Facts about Big Cats

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1. Lions have the loudest big cat roar
A lion’s roar is audible from as far as five miles away. The African lion has the longest larynx of all big cats hence it has the loudest roar. However not all big cats can roar. Some cats like the Cougars and the snow leopards are unable to roar. The Cougars make chirping and yowling sounds and the snow leopards hiss, mew, chuff and growl.

2. Amur leopard is the World’s rarest big cat
The world’s rarest big cat is the Amur leopard. This cat is hunted mostly for its beautiful spotted fur. It is an incredible cat that can leap more than 19 feet horizontally and up to ten feet vertically. New census data shows that the numbers of Amur leopard have increased to at least 57 compared to 2007 when they were just 30 in the wild.

3. Lions are the most social big cats
Lions tend to be the most social cats living exclusively in groups known as prides. Members of prides are very affectionate with each other as seen in plenty of cuddling and mutual grooming when they are taking a rest. Prides also work as teams to bring down prey that is shared among members. Most big cats are typically loners while others live in pairs.

4. Cougar is the big cat species with most names
The Guinness world record identifies the cougar as the species with the most names. This cat species has over forty names in the English language only. The names include the puma, mountain lion, catamount, ghost cat, mountain screamer and panther.

5. Tiger is World’s largest cat species
The world’s largest cat species is the Tiger. Male tigers from the Siberian sub species are the biggest, weighing between 400 and 675 pounds. This tiger species grows to attain a length of between 6 and 7.5 feet long.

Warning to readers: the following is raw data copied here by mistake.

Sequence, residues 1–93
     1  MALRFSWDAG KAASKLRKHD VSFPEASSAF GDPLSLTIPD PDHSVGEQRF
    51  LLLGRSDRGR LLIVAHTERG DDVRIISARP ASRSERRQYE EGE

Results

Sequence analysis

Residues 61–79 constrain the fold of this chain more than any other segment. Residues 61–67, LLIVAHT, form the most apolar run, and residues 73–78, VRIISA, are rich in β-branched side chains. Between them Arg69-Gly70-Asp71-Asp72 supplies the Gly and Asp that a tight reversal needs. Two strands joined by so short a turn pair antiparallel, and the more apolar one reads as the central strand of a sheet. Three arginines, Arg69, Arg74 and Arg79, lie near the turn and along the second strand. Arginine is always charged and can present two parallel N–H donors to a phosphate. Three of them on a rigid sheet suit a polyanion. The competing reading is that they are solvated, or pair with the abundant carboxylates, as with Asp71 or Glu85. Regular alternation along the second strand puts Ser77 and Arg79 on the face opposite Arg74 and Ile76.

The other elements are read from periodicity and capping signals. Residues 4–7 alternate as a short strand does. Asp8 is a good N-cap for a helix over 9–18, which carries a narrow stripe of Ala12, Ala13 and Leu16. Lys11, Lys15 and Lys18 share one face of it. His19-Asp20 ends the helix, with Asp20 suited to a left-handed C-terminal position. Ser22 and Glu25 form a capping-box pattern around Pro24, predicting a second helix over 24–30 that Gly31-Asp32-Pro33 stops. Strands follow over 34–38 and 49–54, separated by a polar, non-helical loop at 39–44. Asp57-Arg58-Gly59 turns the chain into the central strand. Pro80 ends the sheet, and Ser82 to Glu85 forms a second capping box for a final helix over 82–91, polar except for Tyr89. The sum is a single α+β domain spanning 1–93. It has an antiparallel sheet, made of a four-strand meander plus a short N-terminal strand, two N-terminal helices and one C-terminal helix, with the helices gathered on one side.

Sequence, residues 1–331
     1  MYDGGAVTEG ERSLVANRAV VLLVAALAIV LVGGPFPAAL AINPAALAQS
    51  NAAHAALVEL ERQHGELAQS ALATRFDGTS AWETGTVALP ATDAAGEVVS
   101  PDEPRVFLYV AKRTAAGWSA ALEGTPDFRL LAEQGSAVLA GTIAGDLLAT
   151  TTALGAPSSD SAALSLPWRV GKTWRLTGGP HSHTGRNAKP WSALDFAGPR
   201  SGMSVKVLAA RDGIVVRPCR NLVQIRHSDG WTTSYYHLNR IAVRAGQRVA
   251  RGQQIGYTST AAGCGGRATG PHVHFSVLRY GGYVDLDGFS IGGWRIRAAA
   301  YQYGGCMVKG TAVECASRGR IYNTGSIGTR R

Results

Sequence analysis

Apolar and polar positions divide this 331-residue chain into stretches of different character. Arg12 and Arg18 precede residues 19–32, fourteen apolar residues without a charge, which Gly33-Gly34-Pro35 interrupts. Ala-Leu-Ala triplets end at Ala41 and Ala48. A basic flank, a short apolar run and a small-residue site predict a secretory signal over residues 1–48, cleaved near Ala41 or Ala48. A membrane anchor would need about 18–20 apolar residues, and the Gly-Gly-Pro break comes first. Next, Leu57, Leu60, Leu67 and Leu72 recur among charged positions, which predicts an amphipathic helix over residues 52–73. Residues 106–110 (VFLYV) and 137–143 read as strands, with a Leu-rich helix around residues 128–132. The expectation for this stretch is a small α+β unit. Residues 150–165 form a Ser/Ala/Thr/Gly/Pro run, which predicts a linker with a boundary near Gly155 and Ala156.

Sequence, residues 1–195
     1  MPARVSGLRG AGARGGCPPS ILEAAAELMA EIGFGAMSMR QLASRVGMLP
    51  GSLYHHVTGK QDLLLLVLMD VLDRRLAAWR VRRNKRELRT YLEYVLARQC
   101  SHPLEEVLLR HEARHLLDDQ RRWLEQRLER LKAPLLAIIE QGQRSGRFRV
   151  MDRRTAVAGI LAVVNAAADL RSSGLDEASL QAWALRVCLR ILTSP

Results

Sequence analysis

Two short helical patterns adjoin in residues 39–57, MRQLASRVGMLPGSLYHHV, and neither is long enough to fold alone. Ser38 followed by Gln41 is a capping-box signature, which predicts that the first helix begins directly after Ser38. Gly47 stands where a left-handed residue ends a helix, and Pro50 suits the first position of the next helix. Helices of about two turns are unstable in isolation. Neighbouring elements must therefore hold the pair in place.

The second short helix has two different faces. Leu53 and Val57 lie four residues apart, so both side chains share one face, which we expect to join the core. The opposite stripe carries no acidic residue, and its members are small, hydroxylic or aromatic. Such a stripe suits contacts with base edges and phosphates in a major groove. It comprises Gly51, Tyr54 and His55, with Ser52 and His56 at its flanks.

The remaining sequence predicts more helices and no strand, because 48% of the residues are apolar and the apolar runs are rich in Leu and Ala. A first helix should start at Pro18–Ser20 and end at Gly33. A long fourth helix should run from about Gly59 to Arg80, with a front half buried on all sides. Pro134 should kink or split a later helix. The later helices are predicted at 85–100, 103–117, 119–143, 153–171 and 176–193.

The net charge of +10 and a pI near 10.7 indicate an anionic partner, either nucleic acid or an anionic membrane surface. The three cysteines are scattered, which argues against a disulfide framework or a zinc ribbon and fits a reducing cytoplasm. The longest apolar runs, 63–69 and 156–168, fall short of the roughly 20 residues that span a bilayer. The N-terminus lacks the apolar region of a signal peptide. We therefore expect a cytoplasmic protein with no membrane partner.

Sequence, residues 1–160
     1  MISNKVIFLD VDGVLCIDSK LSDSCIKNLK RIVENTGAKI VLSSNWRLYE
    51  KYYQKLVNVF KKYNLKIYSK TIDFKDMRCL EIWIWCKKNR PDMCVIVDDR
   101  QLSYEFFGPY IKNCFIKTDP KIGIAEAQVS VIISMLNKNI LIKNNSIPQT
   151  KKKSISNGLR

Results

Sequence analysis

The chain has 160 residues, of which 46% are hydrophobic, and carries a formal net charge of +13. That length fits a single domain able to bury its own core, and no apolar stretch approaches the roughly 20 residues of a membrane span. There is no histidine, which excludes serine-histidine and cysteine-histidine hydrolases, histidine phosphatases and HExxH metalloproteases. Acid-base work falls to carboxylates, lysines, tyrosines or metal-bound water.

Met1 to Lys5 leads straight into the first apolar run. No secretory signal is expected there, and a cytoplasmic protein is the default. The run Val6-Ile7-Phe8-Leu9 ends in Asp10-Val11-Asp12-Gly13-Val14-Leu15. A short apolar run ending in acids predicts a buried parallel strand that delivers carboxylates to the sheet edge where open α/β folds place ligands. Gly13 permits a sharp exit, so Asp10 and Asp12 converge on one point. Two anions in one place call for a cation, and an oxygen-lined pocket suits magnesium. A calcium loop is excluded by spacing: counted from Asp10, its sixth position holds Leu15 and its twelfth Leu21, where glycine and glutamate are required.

6. Big cat statistics are declining
During early 1900s, there were about 100,000 tigers in the wild. Today, this number has reduced to about 3200 in the wild. Only 250 Javan leopards are estimated to be in the world with recent surveys showing state there are fewer than 30,000 lions living in the wild in Africa. This reduction in big cat population is largely due to poaching. The cougar population is the most stable, but there is one endangered subspecies. The Florid Panther has only about 100 individuals left. The population of cheetah, which is the fastest big cat species with a top speed of 64 miles per hour is estimated at about 9,000 and 12,000 in the wild today.

7. Big cat’s life expectancy
Out of all big cat species, female tigers have the longest life span of 26 years in the wild. Lions have a lifespan of about 12 years in the wild. The average life span of Jaguars is roughly twelve to fifteen years. Most big cats have a life expectancy of ten to eighteen years in the wild but these increase to about twenty-nine years in captivity.
8. Big cats are pure carnivores
Big cats are known to be strictly carnivorous. However, in situations where food is scarce, big cats such as cougars catch whatever is edible including insects.

9. Jaguars have the strongest jaws
Out of all big cat species, the jaguar has the strongest jaw. This cat can bite with two thousand pounds of force. A jaguar’s bite is twice as strong as that of a lion. Out of all mammals, the jaguar comes second to the hyena in terms of the strength of its bites.

10. Big cats perfume obsession
Scientists have found that the smell of Calvin Klein’s men perfumes attracts big cats including lions and tigers. The perfume’s effect on big cats is so potent that it is used in the field by conservationists as well as scientists to count the population big cats.

 

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